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FINANCE | Australian dollar affects everyone

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by Robert Goudie
You might think only importers and exporters pay attention to the value of the Aussie dollar, but movements in the exchange rate affect us all.
After peaking at US$0.81 in late January 2018 the Australian dollar fell as low as US$0.70 in October, also falling against several other currencies.
A falling Aussie dollar makes it more costly to travel overseas and increases the local cost of imported goods.
On the upside, it makes many of our exports less expensive for foreign buyers, giving a boost to our farmers and other exporters.
The reverse applies in the case of a rising dollar, but movements in exchange rates don’t just influence our living costs.
Most people with superannuation will have a portion invested in overseas assets, and changes in currency values can also influence the performance of retirement savings – a lower dollar boosts the local value of our overseas investments while a higher dollar has the reverse effect.
So what are the main influences on exchange rates? Ultimately it comes down to supply and demand, and that can be determined by a number of things:
1. Interest rates. Imagine an Australian investor earning one percent interest on her money. She looks across the Pacific and sees that she can earn two percent in the USA. Here’s an opportunity to double her income. To do so she needs to buy US dollars, increasing demand for the ‘greenback’ and thus increasing its value against the Australian dollar. Exchange rates respond quickly to both actual changes in official interest rates, and to expectations of where interest rates in different countries are heading.
2. Commodity prices. From wheat and wool, to iron ore and natural gas, Australia produces a wealth of commodities. When demand for materials falls, less money flows into Australia, and with decreased demand our dollar falls in value.
3. The economy. If the economy is doing it tough the Reserve Bank of Australia may drop interest rates to encourage borrowing and stimulate investment. This takes us back to item 1. A weak economy relative to other countries attracts less overseas investment, causing the local currency to fall.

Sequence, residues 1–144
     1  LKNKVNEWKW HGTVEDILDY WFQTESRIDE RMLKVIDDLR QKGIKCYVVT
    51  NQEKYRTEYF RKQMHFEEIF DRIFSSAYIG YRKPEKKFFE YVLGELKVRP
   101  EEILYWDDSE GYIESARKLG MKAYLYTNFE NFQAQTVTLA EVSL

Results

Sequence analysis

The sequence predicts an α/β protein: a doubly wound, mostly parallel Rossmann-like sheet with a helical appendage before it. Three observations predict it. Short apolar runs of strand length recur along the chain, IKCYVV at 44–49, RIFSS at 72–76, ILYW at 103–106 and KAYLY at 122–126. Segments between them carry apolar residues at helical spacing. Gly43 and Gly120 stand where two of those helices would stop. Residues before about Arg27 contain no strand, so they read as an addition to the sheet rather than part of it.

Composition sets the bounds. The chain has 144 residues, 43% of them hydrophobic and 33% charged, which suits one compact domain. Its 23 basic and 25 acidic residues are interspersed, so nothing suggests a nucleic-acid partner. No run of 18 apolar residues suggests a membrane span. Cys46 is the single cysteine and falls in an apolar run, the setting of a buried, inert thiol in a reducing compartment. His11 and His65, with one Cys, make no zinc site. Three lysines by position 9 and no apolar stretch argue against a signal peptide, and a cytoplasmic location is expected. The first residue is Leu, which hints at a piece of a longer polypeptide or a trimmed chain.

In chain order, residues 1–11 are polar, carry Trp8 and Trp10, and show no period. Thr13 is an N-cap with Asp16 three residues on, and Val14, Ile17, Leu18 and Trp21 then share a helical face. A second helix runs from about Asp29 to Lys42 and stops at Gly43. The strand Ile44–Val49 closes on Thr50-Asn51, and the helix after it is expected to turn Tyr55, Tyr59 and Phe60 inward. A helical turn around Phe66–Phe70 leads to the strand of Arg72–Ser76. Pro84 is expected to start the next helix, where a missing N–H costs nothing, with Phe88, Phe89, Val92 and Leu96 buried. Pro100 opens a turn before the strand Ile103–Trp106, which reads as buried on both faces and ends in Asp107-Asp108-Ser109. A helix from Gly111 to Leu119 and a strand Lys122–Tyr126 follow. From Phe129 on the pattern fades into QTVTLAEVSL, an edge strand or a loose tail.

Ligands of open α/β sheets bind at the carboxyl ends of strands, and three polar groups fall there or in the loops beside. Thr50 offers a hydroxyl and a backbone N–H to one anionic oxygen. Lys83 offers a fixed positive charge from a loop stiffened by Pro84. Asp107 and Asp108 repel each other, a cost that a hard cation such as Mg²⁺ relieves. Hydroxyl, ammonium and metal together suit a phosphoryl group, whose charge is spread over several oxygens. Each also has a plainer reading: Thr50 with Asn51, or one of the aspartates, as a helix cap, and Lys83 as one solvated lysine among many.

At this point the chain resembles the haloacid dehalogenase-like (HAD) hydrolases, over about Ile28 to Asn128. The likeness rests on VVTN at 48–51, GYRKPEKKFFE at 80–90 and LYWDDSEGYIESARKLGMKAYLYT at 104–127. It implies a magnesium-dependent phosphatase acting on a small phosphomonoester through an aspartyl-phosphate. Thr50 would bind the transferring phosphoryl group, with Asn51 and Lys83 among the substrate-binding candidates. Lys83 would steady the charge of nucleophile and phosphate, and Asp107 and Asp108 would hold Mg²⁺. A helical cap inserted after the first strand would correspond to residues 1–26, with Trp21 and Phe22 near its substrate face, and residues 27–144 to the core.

4. Politics. Elections and referenda can create a climate of economic uncertainty that investors, on the whole, don’t like. However, if the market thinks that a more business-friendly government is likely to be elected, this could boost the value of our dollar.
5. Fear. In times of market volatility and global political upheaval, investors flock to the US dollar as a ‘safe haven’ currency. Most other currencies, including ours, usually fall relative to the US currency.
But it’s not that simple
Other things can influence currency values, such as speculation or central bank intervention. There’s also a lot of interaction between the influences outlined previously. For example, strong commodity prices might give a boost to the economy, which leads to higher interest rates.
Throw in some political uncertainty add a touch of speculation and things quickly become very complicated.
So, will the Aussie dollar rise or continue to fall? History suggests flipping a coin might provide as useful an answer as following the opinions of ‘experts’.

The entire November 21, 2018 edition of The Weekly Advertiser is available online. READ IT HERE!

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Posted on Nov 21 2018

Posted by on Nov 21 2018. Filed under Finance. You can follow any responses to this entry through the RSS 2.0. You can leave a response or trackback to this entry

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